Company: Comcast SportsNet Philadelphia
# of hours / week: 10 – 20 hours

Deadline: November 20

Basic Function

This position will work closely with the Vice President of Sales in generating revenue through commercial advertisements and sponsorship sales. The intern will gain first-hand sales experience through working with Sales Assistants and AEs on pitches, sales-calls and recapping material.

Duties and Responsibilities

• Assist Account Executive on preparation of Sales Presentations
• Cultivate new account leads for local sales
• Track sponsorships in specified programs
• Assist as point of contact with sponsors on game night set up and pre-game hospitality elements.
• Assist with collection of all proof of performance materials.
• Perform Competitive Network Analysis
• Update Customer database
• Other various projects as assigned

Requirements

1. Good oral and written communication skills.
2. Knowledge of sports.
3. Ability to work non-traditional hours, weekends & holidays
4. Ability to work in a fast-paced, high-pressure environment
5. Must be 19 years of age or older
6. Must be a student in pursuit of an Associate, Bachelor, Master or Juris Doctor degree
7. Must have unrestricted authorization to work in the US
8. Must have sophomore standing or above
9. Must have a 3.0 GPA

Interested students should apply here and specify they're interested in the ad/sales internship.

About NBC internships

Best of MLB: Cubs take control in NL Central with win over Brewers

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Best of MLB: Cubs take control in NL Central with win over Brewers

MILWAUKEE -- Pinch-hitter Tommy La Stella drew a bases-loaded walk off All-Star closer Corey Knebel with one out in the 10th inning, helping the Chicago Cubs beat the Milwaukee Brewers 5-4 on Friday night to tighten their grip on the NL Central.

The Cubs hold a five-game lead with nine days left in the regular season after winning their second straight tense game over the Brewers. Milwaukee dropped into third in the division, 5 1/2 games behind Chicago, after St. Louis beat Pittsburgh earlier Friday.

The Brewers had the tying run at first with one out in the bottom of the 10th, but Eric Sogard was called out at second trying to advance on a ball in the dirt. Shortstop Addison Russell appeared to hold the tag as Sogard's foot lifted off second for a split-second, and the call was confirmed on review (see full recap).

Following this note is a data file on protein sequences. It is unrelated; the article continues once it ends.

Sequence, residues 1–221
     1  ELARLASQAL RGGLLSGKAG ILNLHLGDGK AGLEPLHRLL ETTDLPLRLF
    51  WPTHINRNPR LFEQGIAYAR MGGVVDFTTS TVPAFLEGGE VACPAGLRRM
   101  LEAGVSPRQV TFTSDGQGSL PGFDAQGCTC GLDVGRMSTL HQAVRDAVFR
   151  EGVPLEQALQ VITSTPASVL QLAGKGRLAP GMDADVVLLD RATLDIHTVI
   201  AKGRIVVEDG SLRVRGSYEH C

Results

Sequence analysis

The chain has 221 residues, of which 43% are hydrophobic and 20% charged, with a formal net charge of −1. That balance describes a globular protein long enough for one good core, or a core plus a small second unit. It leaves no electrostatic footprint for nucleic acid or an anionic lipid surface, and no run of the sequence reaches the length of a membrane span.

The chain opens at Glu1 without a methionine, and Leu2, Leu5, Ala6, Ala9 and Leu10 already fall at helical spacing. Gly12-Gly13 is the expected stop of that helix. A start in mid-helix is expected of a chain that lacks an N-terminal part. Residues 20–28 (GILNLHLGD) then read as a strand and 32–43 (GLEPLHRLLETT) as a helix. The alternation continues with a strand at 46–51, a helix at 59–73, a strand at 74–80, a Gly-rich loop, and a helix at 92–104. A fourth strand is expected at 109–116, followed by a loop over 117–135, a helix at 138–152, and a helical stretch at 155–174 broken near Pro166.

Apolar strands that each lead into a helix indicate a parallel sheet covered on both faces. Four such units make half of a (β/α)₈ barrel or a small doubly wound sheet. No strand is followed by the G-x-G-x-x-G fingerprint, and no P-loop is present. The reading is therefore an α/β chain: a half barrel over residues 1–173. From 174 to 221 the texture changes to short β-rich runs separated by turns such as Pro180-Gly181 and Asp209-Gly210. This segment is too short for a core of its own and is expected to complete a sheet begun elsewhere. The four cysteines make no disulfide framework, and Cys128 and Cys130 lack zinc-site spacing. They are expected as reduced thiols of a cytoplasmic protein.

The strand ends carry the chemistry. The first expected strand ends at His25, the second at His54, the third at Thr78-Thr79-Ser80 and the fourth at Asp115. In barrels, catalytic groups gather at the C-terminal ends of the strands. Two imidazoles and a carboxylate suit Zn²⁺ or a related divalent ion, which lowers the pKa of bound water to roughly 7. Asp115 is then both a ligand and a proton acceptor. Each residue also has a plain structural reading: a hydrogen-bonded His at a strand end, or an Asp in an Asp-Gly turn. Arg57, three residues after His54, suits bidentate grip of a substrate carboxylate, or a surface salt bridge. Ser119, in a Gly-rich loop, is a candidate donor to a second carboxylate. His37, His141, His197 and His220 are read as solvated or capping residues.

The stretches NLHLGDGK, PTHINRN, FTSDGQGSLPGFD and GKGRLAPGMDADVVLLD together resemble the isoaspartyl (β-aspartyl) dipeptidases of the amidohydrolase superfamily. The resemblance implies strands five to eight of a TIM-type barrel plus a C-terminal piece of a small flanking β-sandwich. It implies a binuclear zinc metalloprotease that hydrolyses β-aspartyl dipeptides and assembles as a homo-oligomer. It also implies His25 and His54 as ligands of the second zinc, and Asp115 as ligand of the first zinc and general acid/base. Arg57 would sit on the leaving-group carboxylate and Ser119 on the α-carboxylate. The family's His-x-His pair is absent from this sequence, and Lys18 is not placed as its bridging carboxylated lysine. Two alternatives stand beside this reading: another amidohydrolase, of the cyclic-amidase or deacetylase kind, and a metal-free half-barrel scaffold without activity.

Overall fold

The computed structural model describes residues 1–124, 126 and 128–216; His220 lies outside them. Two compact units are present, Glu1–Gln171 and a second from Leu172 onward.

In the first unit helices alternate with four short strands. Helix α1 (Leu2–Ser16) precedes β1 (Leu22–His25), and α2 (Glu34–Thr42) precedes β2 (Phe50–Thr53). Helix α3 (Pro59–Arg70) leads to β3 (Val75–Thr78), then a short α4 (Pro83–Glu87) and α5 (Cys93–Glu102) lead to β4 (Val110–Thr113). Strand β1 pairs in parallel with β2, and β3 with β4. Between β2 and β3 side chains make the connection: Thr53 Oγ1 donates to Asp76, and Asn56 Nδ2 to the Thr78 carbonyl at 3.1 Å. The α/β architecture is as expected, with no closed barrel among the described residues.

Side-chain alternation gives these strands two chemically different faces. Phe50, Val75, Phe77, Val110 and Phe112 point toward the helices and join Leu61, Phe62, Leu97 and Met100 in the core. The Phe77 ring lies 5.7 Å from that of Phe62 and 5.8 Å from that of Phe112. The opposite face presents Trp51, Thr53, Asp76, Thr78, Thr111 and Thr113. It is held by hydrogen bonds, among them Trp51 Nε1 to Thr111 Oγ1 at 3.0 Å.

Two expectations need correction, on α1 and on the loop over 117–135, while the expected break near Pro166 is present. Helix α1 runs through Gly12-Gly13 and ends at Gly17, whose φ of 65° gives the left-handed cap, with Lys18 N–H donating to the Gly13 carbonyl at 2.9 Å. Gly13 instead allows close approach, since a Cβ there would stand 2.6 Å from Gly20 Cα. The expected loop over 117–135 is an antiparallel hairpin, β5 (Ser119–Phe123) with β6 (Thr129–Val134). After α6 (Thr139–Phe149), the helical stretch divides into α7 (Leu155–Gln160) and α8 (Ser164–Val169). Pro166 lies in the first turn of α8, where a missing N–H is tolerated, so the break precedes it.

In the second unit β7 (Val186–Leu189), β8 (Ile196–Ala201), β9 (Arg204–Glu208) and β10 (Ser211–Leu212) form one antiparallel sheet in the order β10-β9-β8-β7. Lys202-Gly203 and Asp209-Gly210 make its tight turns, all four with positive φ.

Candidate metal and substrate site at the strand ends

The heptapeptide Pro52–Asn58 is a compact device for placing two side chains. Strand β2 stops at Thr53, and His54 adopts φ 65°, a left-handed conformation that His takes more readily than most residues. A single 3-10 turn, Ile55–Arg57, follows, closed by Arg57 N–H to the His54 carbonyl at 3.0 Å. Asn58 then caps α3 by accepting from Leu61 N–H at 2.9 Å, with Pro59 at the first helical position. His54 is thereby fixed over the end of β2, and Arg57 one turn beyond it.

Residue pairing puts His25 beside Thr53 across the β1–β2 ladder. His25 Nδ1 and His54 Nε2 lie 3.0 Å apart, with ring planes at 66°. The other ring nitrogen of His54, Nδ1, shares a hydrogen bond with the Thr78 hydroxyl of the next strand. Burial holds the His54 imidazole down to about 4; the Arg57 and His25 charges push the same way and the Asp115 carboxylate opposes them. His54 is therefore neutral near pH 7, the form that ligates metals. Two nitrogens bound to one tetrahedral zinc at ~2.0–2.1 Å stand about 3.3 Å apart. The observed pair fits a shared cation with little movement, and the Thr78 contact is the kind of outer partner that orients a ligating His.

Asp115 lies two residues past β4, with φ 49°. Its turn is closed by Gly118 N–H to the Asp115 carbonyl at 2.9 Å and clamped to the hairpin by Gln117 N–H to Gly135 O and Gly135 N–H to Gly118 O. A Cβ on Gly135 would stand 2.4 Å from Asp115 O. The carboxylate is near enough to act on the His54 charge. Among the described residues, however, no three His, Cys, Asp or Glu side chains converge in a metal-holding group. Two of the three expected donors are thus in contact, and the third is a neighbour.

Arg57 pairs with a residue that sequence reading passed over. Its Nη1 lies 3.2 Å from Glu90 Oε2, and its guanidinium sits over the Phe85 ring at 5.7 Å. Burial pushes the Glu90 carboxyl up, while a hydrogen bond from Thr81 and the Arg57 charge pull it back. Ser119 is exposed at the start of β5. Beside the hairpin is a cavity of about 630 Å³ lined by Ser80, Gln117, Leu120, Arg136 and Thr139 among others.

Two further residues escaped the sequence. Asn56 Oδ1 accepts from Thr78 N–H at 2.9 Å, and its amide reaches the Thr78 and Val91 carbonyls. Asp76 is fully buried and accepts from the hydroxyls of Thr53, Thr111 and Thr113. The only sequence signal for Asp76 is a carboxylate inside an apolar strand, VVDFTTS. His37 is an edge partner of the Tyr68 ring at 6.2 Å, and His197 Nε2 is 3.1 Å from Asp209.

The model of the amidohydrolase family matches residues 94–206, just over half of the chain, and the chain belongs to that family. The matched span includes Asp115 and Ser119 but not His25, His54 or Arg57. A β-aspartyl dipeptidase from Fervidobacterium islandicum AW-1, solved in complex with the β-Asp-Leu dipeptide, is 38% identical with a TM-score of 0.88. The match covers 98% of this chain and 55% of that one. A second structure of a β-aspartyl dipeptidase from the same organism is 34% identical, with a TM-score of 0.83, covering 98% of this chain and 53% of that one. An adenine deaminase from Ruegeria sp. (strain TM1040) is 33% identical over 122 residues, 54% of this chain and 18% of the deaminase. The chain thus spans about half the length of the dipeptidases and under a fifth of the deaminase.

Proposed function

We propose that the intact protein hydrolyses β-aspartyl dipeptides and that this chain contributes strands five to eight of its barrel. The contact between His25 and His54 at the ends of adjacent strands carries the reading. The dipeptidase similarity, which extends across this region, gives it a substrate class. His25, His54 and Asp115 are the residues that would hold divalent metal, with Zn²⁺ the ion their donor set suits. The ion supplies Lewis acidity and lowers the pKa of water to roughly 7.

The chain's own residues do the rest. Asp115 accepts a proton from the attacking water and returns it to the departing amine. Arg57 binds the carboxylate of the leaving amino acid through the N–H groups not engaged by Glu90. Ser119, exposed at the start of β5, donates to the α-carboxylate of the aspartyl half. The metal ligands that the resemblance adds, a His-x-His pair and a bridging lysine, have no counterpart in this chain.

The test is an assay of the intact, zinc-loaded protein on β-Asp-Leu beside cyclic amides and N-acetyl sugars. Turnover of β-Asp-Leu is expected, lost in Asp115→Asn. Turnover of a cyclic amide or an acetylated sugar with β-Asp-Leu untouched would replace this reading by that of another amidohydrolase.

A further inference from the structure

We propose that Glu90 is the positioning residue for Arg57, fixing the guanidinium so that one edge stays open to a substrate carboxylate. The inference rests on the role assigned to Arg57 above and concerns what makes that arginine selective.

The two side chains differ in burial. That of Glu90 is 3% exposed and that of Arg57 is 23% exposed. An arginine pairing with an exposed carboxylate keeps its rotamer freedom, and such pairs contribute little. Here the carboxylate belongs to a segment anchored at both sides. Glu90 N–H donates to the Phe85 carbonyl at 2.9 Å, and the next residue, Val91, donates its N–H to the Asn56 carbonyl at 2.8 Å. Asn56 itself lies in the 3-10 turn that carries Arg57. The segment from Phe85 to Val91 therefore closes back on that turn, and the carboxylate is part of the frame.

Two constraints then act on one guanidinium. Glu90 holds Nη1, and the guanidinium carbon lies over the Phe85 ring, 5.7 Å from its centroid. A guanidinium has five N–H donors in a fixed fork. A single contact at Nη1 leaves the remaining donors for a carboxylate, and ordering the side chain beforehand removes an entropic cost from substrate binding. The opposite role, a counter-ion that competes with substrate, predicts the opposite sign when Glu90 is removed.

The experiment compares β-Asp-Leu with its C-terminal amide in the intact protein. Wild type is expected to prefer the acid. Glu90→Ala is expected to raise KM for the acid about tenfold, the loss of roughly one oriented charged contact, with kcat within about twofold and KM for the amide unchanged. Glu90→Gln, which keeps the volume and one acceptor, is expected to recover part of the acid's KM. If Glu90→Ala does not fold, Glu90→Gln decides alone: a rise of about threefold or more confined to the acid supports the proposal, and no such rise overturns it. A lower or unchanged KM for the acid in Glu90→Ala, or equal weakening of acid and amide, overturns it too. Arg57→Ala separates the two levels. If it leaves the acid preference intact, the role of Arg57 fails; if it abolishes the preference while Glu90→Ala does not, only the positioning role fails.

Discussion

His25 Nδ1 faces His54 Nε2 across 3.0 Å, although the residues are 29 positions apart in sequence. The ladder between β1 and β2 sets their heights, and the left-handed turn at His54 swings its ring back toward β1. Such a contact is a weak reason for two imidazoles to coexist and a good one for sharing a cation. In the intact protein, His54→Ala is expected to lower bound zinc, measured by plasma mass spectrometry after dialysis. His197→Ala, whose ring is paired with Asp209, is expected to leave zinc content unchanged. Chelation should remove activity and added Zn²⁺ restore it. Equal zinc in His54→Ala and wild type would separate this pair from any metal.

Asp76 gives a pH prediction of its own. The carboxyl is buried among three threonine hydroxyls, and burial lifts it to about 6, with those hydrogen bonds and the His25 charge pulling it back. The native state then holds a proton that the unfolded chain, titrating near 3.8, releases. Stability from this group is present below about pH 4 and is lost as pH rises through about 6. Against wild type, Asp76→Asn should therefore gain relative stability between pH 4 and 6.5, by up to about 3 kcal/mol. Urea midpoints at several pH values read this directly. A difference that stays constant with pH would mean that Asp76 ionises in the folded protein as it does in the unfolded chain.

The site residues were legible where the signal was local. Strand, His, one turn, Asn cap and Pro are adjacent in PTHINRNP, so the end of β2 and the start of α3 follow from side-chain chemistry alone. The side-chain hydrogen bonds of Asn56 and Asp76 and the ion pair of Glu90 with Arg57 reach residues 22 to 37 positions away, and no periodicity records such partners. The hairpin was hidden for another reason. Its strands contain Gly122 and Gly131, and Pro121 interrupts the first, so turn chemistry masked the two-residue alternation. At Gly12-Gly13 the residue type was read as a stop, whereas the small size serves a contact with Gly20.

Ryan Goins' hidden-ball trick, grand slam lead Blue Jays over Yankees
TORONTO -- Ryan Goins successfully pulled off a hidden ball trick and hit his second career grand slam, leading the Toronto Blue Jays over Masahiro Tanaka and the Yankees 8-1 Friday night and ensuring New York had to wait at least one more day to clinch a playoff berth.

With Todd Frazier on base following a leadoff double in the third, Jose Bautista made a running catch just in front of the right field warning track on Jacoby Ellsbury's one-out drive. Goins caught Bautista's throw while standing near second base, then pretended to toss the ball to pitcher Marco Estrada while slipping in into his glove.

Goins turned his back to Frazier, who had returned to the base, and when Frazier briefly lifted his left foot off the base, Goins tagged him on the left thigh. Frazier insisted he had maintained contact with the base, but umpire Mark Carlson called him out to end the inning (see full recap).

Red Sox rally for win over Reds, extend AL East lead
CINCINNATI -- Rafael Devers hit a three-run homer Friday night, and the Boston Red Sox extended their AL East lead to four games by overcoming Scooter Gennett's fourth grand slam of the season for a 5-4 victory over the Cincinnati Reds.

Boston added to its lead with the help of the Yankees' 8-1 loss at Toronto. The Red Sox have won 12 of 15, keeping the Yankees at bay while moving a season-high 25 games over .500 (89-64).

Their AL Cy Young Award winner is still struggling heading into playoff time.

Rick Porcello gave up Gennett's fourth grand slam -- a Reds' season record -- in the first inning. He lasted a season-low four innings, turning a 5-4 lead over to the bullpen. Porcello has lost 17 games -- most in the majors -- after winning 22 last year along with the Cy Young (see full recap).

Cardinals rally past Pirates in 9th
PITTSBURGH -- Randal Grichuk scored after an error by Pirates shortstop Jordy Mercer, capping a frantic ninth-rally that lifted the surging St. Louis Cardinals over Pittsburgh 4-3 on Friday night.

The playoff-chasing Cardinals won their fifth straight, despite trailing by a run entering the ninth.

Stephen Piscotty led off with a double to right against closer Felipe Rivero (5-3), and Jedd Gyorko followed with a pinch-hit RBI single. After Tommy Pham's single, Grichuk pinch-ran for Gyorko at third. He scored when Mercer misplayed Dexter Fowler's sharp groundball.

Former Pirates reliever Juan Nicasio (4-5) got the win after working the eighth and ninth. Fowler and Piscotty had two hits each.

David Freese had an RBI double for the Pirates, who have dropped eight of nine. Rivero blew a save for only the second time in 20 chances this season (see full recap).

Twins stay on track in postseason race with win over Tigers
DETROIT -- Max Kepler and Brian Dozier homered, Byron Buxton had three hits and the playoff-chasing Minnesota Twins beat the Detroit Tigers 7-3 on Friday night.

Buxton's two-run double in the fourth put the Twins ahead to stay against a Detroit team that announced before the game that manager Brad Ausmus will not be back in 2018.

Minnesota came into the night leading the race for the American League's second wild card by 2 games over Texas and the Los Angeles Angels.

Kyle Gibson (12-10) allowed three runs and five hits in seven innings for the Twins. He struck out six and walked two.

Daniel Norris (4-8) allowed five runs and seven hits in 4 2/3 innings.

Nicholas Castellanos and Ian Kinsler homered for Detroit, but the Tigers dropped to 4-18 in September (see full recap).